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Walking the streets of downtown Springfield, a person is likely to pass by vacant lots—buildings that have seen vendors and owners come and go over the generations. However, one business has adapted and survived through changing times—and four generations later, it’s still providing the same musical expertise it did a century ago. This year marks the 100th year for Hoover Music Company, located in downtown Springfield. For our ongoing local history series, Sense of Place, KSMU’s Rebekah Clark looks back at the impact the business has made on the Ozarks through music.
[Sound: music, violin strumming]
When you walk into Hoover Music Company, you see instruments hanging on the walls, making it easy for staff to do an impromptu demonstration for customers…or a reporter. In the back, Brian Hoover stands over a dusty table, repairing a violin bow. As owner of the company and great-grandson of its founder, Brian knows first-hand the role the store has played in equipping the Ozarks to make music.
“The store started in 1912 by my great-grandfather. It’s been in several locations. For many years it was on South Street, and that’s when that was the downtown area for Springfield.”
Before the move to South Street, Herbert Lee Hoover opened Hoover’s Music on McDaniel, after being the first Drury College graduate to get a degree in piano performance. The business sold band and orchestra instruments and guitars, and provided music lessons. During WWII, H.L. Hoover passed away and his son, Paul Hoover, took over the business. Shortly after he took over, there was a nationwide brass and copper shortage all the way through the Korean War. Since most of the instruments in the store were made of brass, Paul made drastic changes in his business to survive. Paul changed the name of the store to Hoover’s Music and Books, and sold greeting cards, records, appliances, electronics, and stringed instruments.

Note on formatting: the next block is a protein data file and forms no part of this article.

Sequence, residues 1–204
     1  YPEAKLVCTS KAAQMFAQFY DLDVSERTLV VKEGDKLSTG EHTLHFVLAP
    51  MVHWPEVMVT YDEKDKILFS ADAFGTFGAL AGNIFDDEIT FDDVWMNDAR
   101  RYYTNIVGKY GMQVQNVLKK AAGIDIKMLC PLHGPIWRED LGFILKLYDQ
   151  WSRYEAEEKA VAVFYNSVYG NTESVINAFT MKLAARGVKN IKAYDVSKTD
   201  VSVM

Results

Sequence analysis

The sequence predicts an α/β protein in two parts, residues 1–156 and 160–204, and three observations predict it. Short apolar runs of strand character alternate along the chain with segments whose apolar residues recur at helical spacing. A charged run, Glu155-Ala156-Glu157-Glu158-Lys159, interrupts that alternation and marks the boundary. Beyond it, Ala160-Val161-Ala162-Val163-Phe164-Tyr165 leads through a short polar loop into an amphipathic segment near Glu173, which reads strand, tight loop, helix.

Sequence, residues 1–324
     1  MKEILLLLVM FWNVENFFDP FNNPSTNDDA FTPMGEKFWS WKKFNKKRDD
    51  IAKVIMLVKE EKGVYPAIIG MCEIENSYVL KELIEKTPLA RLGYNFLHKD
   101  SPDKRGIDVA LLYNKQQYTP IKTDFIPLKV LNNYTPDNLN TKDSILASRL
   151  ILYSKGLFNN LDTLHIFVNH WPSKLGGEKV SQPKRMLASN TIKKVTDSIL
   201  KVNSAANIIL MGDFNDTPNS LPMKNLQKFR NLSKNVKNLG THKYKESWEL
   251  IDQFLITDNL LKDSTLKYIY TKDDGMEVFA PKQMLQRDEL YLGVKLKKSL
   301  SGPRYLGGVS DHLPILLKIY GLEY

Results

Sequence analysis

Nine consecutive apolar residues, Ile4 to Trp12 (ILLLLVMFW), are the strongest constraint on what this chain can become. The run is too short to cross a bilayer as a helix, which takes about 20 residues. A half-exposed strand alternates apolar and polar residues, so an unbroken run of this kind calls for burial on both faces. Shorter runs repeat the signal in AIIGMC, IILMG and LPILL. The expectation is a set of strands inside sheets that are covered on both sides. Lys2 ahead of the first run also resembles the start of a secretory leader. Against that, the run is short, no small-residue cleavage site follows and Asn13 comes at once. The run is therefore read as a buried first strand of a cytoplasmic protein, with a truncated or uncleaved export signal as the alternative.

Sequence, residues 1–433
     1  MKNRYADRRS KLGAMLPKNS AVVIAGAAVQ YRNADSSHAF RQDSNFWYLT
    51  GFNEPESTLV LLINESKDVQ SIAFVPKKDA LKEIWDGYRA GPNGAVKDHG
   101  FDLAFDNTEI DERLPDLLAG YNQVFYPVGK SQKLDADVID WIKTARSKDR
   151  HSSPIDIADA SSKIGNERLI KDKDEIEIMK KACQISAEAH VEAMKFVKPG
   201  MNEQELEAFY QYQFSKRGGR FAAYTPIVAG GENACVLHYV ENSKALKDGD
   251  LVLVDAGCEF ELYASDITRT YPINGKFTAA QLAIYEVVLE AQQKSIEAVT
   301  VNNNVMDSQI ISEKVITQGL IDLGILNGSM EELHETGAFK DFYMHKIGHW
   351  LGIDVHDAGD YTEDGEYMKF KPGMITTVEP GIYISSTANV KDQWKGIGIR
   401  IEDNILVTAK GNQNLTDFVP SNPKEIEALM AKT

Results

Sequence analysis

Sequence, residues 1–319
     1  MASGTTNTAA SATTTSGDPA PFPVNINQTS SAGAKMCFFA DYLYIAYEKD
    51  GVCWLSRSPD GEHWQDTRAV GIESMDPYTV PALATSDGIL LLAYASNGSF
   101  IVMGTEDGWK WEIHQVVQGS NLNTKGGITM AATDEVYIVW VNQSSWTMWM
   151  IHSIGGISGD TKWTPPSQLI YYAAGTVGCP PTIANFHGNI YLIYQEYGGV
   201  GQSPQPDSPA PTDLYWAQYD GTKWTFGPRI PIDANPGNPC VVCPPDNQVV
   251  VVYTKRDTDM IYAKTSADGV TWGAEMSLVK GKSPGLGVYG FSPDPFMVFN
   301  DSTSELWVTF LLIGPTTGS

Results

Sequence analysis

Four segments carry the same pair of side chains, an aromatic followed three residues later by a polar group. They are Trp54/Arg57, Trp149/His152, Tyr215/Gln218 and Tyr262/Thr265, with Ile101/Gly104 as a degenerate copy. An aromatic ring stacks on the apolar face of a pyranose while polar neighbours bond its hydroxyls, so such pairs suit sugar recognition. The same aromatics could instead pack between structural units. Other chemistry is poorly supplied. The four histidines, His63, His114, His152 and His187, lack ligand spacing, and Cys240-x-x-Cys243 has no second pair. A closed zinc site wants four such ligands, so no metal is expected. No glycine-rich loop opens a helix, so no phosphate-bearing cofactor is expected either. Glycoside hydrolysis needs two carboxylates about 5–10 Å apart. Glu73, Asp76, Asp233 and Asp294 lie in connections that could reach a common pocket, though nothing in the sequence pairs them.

“You couldn’t make consumer goods; all those factories were making wartime items. You couldn’t make musical instruments, the War Production Bureau wouldn’t let you because they needed the copper for wiring and airplanes and things like that.”
After the war ended, the 50’s brought country music to Springfield, with a top ranked show, Ozark Jubilee. Stars of the show included Porter Wagoner and Brenda Lee. The popularity of the show continued through the 60s, when Paul changed the name of the store to Hoover Music Company Incorporated and moved the business to its current location on Jefferson Street. Paul expanded the company into the largest Lowery Piano dealer in the U.S. He also brought in top performers to be guest artists for the Springfield Symphony, including Clark Terry, Tommy Doresy, and Porter Wagoner. Paul’s outrageous personality helped give Hoover Music national recognition.
“My grandpa, like I said, was a huge personality, people knew him everywhere. At one of the national trade shows, back when Get Smart was a popular T.V. series, everyone wore a badge that said, ‘Would you believe…Paul Hoover!’ because he was so unbelievable and how big his personality was.”
Beginning in the late 70s and continuing into the 1990s, Hoover Music Company faced many challenges. Springfield’s downtown deteriorated with the development of the Battlefield Mall and the advent of “big box stores.” Hoover Music Company was one of the very few retail stores that remained downtown and survived. Jim Hoover, Paul’s son, took ownership of the company, and was forced to adapt to the changing local economy by focusing on customer service.
When Jim’s son Brian took over the family business in 2000, he hired people who were knowledgeable and wanted a long-term career at Hoover Music. Cherri Norton is one such employee who has worked with the Hoovers for many years. She started in college when Jim Hoover asked her if she wanted to teach cello.
“It’s the best job I’ve ever had. It’s like being a part of a family. They’re really good people, the Hoovers are really sweet, they always have been. It’s just a really good atmosphere to work, to be a musician, and get to work in your dream job. And to listen to good music most of the time.”
Most staff members at Hoover Music Company are highly skilled musicians. In fact, all of the music heard in this story was performed by different staff members at Hoover.
Brian Hoover says he plans to stay in business for as long as people value music.
“You know when you work at something for years and years and get better and better, that is a satisfying thing.”
[Sound: ending music]
For KSMU News, I’m Rebekah Clark.